With this understanding we favour theory that attends more to the rationalisation of our fate than the fate of the global political economy. Normatively, then, we all express a frustration that our world is beyond our collective total control. Unfortunately, if Onuf (2002) is right – that we are not merely actors but agents within a world of our making then his argument is heard only by the small world of IR and IPE scholars. But then, by his own assertion:

‘For any of us as agents, the world is the whole of our experience. Once we stand back and become observers, we see many worlds, worlds within worlds, some of which we belong to, some not. By definition, the world that we live in is boundless. Conversely, we are obliged to move closer to see very much of what is happening within that world. The closer we stand the more likely we are to have an effect on what we see.’

(Onuf, 2002: 119)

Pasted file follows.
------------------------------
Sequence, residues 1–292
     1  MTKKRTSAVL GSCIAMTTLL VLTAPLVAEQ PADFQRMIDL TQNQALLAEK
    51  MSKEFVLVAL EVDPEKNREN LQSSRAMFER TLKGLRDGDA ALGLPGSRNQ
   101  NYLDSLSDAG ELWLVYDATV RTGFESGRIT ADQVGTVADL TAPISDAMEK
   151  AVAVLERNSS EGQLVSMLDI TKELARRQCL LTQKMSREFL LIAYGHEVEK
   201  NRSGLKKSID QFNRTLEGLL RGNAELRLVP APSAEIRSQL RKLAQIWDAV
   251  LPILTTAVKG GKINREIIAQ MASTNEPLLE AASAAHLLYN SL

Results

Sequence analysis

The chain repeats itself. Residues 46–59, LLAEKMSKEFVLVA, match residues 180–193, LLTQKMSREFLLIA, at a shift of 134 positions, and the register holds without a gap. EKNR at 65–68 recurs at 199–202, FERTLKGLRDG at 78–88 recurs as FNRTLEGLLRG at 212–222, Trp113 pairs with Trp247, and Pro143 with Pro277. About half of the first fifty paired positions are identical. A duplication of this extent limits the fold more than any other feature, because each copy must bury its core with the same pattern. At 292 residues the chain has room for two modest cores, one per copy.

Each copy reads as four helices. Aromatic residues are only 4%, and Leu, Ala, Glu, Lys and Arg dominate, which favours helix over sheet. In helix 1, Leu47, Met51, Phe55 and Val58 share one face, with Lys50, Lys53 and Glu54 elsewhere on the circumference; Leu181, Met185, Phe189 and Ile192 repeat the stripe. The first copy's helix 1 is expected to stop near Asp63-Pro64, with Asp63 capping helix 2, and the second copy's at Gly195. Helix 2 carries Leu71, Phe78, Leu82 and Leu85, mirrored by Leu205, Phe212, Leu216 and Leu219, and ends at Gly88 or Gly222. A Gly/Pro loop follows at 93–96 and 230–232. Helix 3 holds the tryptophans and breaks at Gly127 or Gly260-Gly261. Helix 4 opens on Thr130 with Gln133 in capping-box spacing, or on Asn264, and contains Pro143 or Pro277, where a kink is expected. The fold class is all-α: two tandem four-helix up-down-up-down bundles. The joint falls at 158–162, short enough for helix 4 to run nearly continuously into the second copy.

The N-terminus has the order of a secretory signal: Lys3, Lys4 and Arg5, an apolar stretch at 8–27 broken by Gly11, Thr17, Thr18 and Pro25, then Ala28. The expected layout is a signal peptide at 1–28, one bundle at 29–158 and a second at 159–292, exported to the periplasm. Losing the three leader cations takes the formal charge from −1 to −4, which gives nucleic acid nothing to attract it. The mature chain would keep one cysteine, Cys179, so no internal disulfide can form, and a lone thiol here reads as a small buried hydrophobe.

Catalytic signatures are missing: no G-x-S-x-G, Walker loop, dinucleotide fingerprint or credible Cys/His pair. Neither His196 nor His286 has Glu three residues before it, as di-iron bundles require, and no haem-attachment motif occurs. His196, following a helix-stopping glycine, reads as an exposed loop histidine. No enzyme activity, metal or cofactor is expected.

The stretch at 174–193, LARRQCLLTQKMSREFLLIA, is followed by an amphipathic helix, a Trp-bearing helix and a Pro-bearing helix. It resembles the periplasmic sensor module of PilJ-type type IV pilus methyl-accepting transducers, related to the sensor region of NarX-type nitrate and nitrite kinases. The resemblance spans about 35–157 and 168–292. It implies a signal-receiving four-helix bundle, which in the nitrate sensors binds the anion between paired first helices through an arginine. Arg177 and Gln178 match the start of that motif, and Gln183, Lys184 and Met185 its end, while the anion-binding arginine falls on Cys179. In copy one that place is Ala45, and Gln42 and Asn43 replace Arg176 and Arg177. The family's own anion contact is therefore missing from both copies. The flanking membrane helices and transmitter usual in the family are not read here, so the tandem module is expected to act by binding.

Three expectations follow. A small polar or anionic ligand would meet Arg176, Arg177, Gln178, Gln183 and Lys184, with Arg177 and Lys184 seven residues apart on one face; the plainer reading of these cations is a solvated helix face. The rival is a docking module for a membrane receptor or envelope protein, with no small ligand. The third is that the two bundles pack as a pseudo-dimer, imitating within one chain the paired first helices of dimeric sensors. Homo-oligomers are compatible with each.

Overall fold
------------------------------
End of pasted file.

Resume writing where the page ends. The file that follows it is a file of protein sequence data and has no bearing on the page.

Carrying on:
Individuals within our world can be both agents and observers but when ‘doing’ IR and IPE these two roles are divided. While ‘everyday’ agents in our world commonly understand that all actions have reactions, however distant and indirect they maybe, their understanding of the causal relationship can best be described as a ‘butterfly effect’ whereby the smallest of actions could have exponentially larger reactions in some distant place but with no positive feedback. This understanding can both discourage and encourage action: encourage because it frees us from responsibility of our actions; discourage because it undermines the success of our efforts. How can we in our ‘everyday’ claim agency without lifting ourselves to the position of observer in order to understand what world we live in and how it works? This division of labour between observer and agent forged by IPE will forever subordinate the consciousness of existing ‘everyday’ agency for the sake of the as-yet unrealised, self-proclaimed potential of scholarly-informed public policy. Crucially, this relationship presents ‘everyday’ individuals as naive to their context and having outsourced the task of their concerns. In short, Onuf’s acceptance of the observer/agent division as an analytic necessity denies IPE analysis as a universal pursuit: We can’t all understand the world so we need to employ a few to do it for us. At best this will increase the delay between understanding and action; at worst it will deny understanding at all. But for the dominant scholars of IPE, I argue, this outcome is not of paramount concern as they, in a global context, live in societies that have historically benefited from the development of our global political economy and hence the balance of their normative and instrumental concerns is weighted to the former. If they fail to progress understanding of the global political economy it is unlikely to immediately impinge on their instrumental concerns.